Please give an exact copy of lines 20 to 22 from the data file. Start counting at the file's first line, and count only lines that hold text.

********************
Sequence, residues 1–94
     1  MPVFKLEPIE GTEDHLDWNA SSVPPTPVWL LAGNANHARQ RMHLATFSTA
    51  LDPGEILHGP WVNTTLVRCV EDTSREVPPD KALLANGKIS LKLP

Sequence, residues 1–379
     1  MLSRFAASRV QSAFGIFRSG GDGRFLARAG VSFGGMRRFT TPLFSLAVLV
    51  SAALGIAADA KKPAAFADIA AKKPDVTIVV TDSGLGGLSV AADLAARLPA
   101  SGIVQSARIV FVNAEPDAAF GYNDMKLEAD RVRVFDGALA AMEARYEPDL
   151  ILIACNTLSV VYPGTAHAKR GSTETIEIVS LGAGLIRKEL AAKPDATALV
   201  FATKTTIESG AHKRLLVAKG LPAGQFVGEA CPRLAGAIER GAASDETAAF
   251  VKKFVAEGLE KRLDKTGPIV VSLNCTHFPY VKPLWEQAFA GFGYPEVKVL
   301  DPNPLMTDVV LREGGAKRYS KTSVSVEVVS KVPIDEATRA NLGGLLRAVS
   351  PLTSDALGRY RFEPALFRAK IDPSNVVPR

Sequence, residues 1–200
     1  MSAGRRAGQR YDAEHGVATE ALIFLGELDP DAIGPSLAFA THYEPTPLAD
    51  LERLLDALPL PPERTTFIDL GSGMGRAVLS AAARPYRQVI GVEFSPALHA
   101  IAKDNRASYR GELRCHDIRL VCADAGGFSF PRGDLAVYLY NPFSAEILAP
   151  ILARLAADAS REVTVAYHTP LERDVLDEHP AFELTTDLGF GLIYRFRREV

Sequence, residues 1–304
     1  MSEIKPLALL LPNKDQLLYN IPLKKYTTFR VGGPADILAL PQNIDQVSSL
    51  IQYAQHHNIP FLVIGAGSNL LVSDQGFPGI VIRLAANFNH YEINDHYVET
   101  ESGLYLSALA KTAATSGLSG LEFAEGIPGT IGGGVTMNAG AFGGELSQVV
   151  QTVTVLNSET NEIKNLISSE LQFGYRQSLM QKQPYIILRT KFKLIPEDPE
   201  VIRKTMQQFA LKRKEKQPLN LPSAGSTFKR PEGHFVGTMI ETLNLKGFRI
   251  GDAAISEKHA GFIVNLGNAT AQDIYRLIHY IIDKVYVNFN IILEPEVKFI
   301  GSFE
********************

    51  IQYAQHHNIP FLVIGAGSNL LVSDQGFPGI VIRLAANFNH YEINDHYVET
   101  ESGLYLSALA KTAATSGLSG LEFAEGIPGT IGGGVTMNAG AFGGELSQVV
   151  QTVTVLNSET NEIKNLISSE LQFGYRQSLM QKQPYIILRT KFKLIPEDPE